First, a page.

Primary and Secondary Angle Closure Glaucoma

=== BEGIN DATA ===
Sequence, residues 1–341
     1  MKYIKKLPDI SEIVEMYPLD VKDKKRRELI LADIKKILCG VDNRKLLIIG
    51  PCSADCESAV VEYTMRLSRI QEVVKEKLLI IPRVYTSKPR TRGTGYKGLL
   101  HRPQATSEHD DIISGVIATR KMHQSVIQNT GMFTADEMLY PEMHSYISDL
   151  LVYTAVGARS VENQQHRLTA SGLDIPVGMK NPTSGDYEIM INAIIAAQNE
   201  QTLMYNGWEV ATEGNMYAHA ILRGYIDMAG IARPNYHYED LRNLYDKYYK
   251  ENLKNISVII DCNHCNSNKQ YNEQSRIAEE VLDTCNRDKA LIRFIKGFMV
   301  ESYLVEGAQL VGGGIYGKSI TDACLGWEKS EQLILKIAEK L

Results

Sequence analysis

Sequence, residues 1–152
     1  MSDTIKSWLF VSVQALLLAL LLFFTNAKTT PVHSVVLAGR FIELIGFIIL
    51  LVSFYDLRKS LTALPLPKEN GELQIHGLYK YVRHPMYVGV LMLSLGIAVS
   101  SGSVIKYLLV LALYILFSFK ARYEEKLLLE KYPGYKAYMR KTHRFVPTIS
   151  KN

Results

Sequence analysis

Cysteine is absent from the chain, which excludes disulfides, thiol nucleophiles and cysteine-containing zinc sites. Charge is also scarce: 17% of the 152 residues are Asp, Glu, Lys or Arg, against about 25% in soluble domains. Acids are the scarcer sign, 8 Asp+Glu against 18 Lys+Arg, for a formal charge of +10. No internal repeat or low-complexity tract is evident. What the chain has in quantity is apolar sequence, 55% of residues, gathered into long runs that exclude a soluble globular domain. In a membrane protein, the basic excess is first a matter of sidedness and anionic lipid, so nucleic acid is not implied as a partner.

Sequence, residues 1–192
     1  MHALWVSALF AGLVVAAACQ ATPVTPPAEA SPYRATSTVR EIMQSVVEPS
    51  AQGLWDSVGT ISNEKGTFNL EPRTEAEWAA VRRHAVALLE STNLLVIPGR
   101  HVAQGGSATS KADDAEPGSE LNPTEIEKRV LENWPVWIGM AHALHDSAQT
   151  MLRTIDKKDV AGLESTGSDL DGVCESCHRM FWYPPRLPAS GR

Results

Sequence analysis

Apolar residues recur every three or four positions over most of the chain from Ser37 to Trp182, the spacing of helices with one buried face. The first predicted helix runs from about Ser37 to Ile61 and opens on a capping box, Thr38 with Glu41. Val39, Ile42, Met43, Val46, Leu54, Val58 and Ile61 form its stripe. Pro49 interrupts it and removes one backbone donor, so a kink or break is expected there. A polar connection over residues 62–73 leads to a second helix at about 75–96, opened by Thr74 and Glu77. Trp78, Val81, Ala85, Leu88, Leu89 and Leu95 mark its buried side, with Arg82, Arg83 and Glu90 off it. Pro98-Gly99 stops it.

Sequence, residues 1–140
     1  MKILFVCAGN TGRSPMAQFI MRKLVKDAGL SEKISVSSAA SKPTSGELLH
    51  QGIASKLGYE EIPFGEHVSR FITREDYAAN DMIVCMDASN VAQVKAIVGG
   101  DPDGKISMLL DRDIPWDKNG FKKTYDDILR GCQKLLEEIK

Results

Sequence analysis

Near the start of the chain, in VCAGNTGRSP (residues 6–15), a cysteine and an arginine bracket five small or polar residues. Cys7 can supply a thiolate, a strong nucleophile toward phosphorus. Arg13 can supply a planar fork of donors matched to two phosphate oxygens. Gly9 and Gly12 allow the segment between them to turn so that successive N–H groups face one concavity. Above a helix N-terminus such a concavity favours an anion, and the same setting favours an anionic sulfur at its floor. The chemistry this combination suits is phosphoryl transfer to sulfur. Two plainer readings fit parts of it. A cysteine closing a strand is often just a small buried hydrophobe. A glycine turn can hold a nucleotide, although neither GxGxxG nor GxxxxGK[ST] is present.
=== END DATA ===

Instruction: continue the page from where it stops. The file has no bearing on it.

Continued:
This lecture is on primary and secondary angle closure glaucoma. The contents of the lecture will include epidemiology, classification, risk factors, clinical features, and management principles. Primary angle closure glaucoma, or PACG, is a leading cause of blindness in Singapore. 6% of the population over 40 years old has primary angle closure suspect, or PACS. And 2% has primary angle closure, or PAC. The age-standardized prevalence of PACG among the Singapore Chinese population is 1.2%, with a higher proportion of blindness compared with primary open angle glaucoma. The incidence of acute primary angle closure or APAC in the population 40 years and older is 12.2 per 100,000 people per year. The epidemiology of secondary glaucoma is less well characterized than primary glaucoma. It accounts for 16% of the glaucoma in the Singapore Chinese population aged 40 years and older. Ritch described the mechanisms of angle closure based on the anatomical level at which the forces act to change the angle configuration, and can be classified as follows. Level I– Pupillary block. This is the most common form of angle closure. There’s resistance to aqueous flow through the pupil in the area of iridolenticular contact. This creates an increased pressure gradient between the anterior and posterior chambers, causing anterior bowing of the iris, narrowing of the angle and iridotrabecular contact. Relative pupillary block accounts for more than 90% of angle closure. Other classes of pupillary block include posterior synechiae. Level II– Angle closure originating at the level of the ciliary body. Plateau iris configuration refers to an angle appearance in which the iris root angulates forward and centrally, due to an anteriorally positioned pars plicata which mechanically holds the ciliary body against the trabecular meshwork. Plateau iris syndrome occurs when the configuration is present along with angle closure. Other causes of angle closure at this level include iris and ciliary body cysts, or tumors. Level III– Lens-induced angle closure. Abnormalities in size or position of the lens, including lens intumescence, anterior lens subluxation and dislocation may lead to angle closure. Level IV– Retrolental factors. Forces posterior to the lens which push the lens-iris diaphragm forward can result in angle closure. Causes include aqueous misdirection, choroidal effusion, and ciliary body rotation, angle closure of the scleral buckle, panretinal photocoagulation, retinal vein occlusion, and posterior segment tumors. PAS is another cause of angle closure. Primary angle closure can be classified into the following stages. PACS is when there’s at least 180 degrees of irido-trabecular contact, without PAS or elevated IOP or glaucomatous optic neuropathy. PAC is when there is at least 180 degrees of irido-trabecular contact with PAS and elevated IOP, without glaucomatous optic neuropathy. PACG is PAC with glaucomatous optic neuropathy. Risk factors for angle closure include older age, female gender, East Asian or Inuit ethnicity, shallow anterior chamber, shorter axial length, thicker lens, more anterior lens position, and family history of angle closure. Clinical features of primary angle closure. Most patients are asymptomatic in early stages, until extensive visual field loss. They may have episodes of intermittent angle closure or a family history of glaucoma. The patient should be asked about the use of topical or systemic medications that may induce angle narrowing, such as sulfonamides, topiramate, phenothiazines, and anticholinergics. Visual acuity is normal unless there’s advanced glaucoma. Hyperopic eyes, especially in older patients, have narrower angles. However, this is not an infavorable association. We can perform the Van Herick’s technique of assessing peripheral anterior chamber depth by directing a narrow beam of light perpendicular to the temporal limbus. If the peripheral anterior chamber depth is less than or equal to one quarter of the corneal thickness, there’s a risk of angle closure. The gold standard diagnostic procedure for angle closure is gonioscopy to identify irido-trabecular contact. Indentation should be done to look for PAS, the IOP could be raised, and there may be signs of previous APAC, such as spiral iris atrophy, glaukomflecken, and there may be glaucomatous optic neuropathy. Clinical features of acute angle closure include ocular or periocular pain with headache, nausea, vomiting; history of intermittent blurring of vision with halos; IOP more than 21; conjunctival injection; corneal epithelial oedema; mid-dilated unreactive pupil; shallow anterior chamber with narrow angles. Clinical features of secondary angle closure. In plateau iris, the double hump sign is set on indentation gonioscopy. As the iris follows the convexity of the anterior lens capsule, [INAUDIBLE] posteriorally and rises over the anteriorally-placed ciliary body. In lens-induced angle closure, there’s lens intumescence, dislocation, or phacodonesis. In aqueous misdirection, there’s axial anterior chamber shallowing, patent peripheral iridotomy, history of intraocular surgery, with UBM showing anterior rotation of the ciliary body. In neovascular glaucoma, there’s iris or angle neovascularization with underlying condition of retinal ischaemia. In uveitic glaucoma, there’s intraocular inflammation with PS or PAS. In choroidal effusion and ciliary body swelling, UBM will show choroidal detachment and uveal effusion. Anterior segment imaging can be considered. There’s good evidence demonstrating general agreement between findings on gonioscopy and ASOCT and UBM. These technologies are useful in evaluating secondary causes of angle closure. The five year risk of progression of untreated PACs to PAC is 22% and that of untreated PAC to PACG is 28%. If the patient has a clear lens or mild cataract, laser peripheral iridotomy should be performed to relieve pupil block and widen the angle. If the patient has a visually significant cataract, this should be removed. Cataract extraction removes pupil block with greater opening of the angles, reduction of PAS, and is also effective in managing APAC. Cataract surgery can be combined with goniosynechiolysis to remove PAS. Once a close angle has been opened, any residue or pressure elevation can be treated with antiglaucoma medications, and even filtration surgery. A significant proportion of patients with PACG with or without previous APAC require further treatment to control the IOP. Management of APAC is aimed at lowering the IOP quickly and relieving the pupil block. Medical therapy includes systemic carbonic anhydrase inhibitors and topical antiglaucoma medications. Topical steroids are also given to control the intraocular inflammation. Once the IOP’s lower, [INAUDIBLE] can be used to constrict the pupil. Corneal indentation can also be performed to mechanically open the angle. Laser iridotomy should then be performed as soon as possible. If the APAC cannot be medically broken, alternative strategies to lower the IOP, such as laser iridoplasty, AC paracentesis, and pupilloplasty can be done. Alternative strategies to release the pupil block include lens extraction with or without goniosynechiolysis, and trabeculectomy or phacotrabeculectomy refractory cases. The fellow eye should also be evaluated, and should receive a prophylactic laser iridotomy promptly, if the angle is narrow, since half of them can develop APAC within five years. Management of secondary angle closure. Argon laser peripheral iridoplasty is effective in eliminating residual appositional closure after laser iridotomy in plateau iris syndrome. Lens extraction should be performed in lens-induced glaucoma. Medical therapy for malignant glaucoma include the concurrent use of antiglaucoma medications, topical steroids, and cycloplegic eye drops. 50% success has been noted with medical therapy within four to five days. YAG hyaloidotomy can be done to disrupt the anterior [INAUDIBLE] phase, [INAUDIBLE] and cyclodiode laser photocoagulation can be done to break the cycle of aqueous misdirection. In cases of laser and medical therapy failure, vitrectomy can be done. In neovascular glaucoma, antiglaucoma medications, topical steroids, and atropine should be started. Pan retinal photocoagulation should be done for retinal ischaemia. The angles are initially open and PAS formation can eventually close the angle. Glaucoma drainage implants is widely accepted as a primary surgical procedure in patients with uncontrolled IOP with reasonable visual potential. As the tube bypasses the hypovascular membrane in the angles. Filtration surgery has a higher risk of failure, because of the risk of bleeding and post-op progression of type of hypovascular membrane. Trabeculectomy can be augmented with mitomycin C and preoperative intravitreal bevacizumab. In eyes with poor visual potential, ciliary body ablation can be done to relieve the pain from the uncontrolled higher IOP. In uveitic glaucoma, inflammation can produce secondary angle closure with pupillary block due to PAS, or without pupillary block from PAS. Control of the inflammation is important, together with the use of antiglaucoma medications. PI should be done for pupil block. Trabeculectomy augmented with mitomycin C for glaucoma drainage implant can be used if the IOP remains uncontrolled. Cilary body swelling secondary to vortex vein obstruction for extensive PRP or CRVO producing angle closure is usually self limiting. Ciliary body swelling can also occur secondary to drug use. This is an idiosyncratic reaction causing relaxation of [INAUDIBLE] with anterior rotation of the ciliary body, leading to anterior displacement of the iris lens diaphragm. It presents as bilateral angle closure. The management requires stopping of the drug, aqueous suppressants, and cycloplegics. In summary, angle closure glaucoma is an aggressive, visually destructive disease. Primary and secondary angle closure glaucoma are distinct clinical entities. The mechanism of angle closure needs to be identified so that treatment can be directed at the underlying pathophysiology. Thank you.